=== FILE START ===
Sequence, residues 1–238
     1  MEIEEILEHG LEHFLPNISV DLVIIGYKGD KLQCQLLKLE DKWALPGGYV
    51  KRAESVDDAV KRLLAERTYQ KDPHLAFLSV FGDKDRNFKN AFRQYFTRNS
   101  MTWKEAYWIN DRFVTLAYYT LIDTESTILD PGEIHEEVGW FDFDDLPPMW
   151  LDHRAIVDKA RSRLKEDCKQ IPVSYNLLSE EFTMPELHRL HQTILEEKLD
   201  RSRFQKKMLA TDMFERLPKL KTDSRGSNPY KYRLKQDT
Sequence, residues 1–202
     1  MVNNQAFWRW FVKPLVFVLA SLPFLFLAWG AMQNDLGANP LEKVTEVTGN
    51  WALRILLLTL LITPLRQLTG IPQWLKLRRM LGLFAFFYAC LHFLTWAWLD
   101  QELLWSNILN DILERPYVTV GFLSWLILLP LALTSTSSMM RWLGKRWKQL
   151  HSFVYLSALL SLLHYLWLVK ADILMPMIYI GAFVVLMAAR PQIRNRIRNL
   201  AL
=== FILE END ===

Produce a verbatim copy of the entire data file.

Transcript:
Sequence, residues 1–238
     1  MEIEEILEHG LEHFLPNISV DLVIIGYKGD KLQCQLLKLE DKWALPGGYV
    51  KRAESVDDAV KRLLAERTYQ KDPHLAFLSV FGDKDRNFKN AFRQYFTRNS
   101  MTWKEAYWIN DRFVTLAYYT LIDTESTILD PGEIHEEVGW FDFDDLPPMW
   151  LDHRAIVDKA RSRLKEDCKQ IPVSYNLLSE EFTMPELHRL HQTILEEKLD
   201  RSRFQKKMLA TDMFERLPKL KTDSRGSNPY KYRLKQDT
Sequence, residues 1–202
     1  MVNNQAFWRW FVKPLVFVLA SLPFLFLAWG AMQNDLGANP LEKVTEVTGN
    51  WALRILLLTL LITPLRQLTG IPQWLKLRRM LGLFAFFYAC LHFLTWAWLD
   101  QELLWSNILN DILERPYVTV GFLSWLILLP LALTSTSSMM RWLGKRWKQL
   151  HSFVYLSALL SLLHYLWLVK ADILMPMIYI GAFVVLMAAR PQIRNRIRNL
   201  AL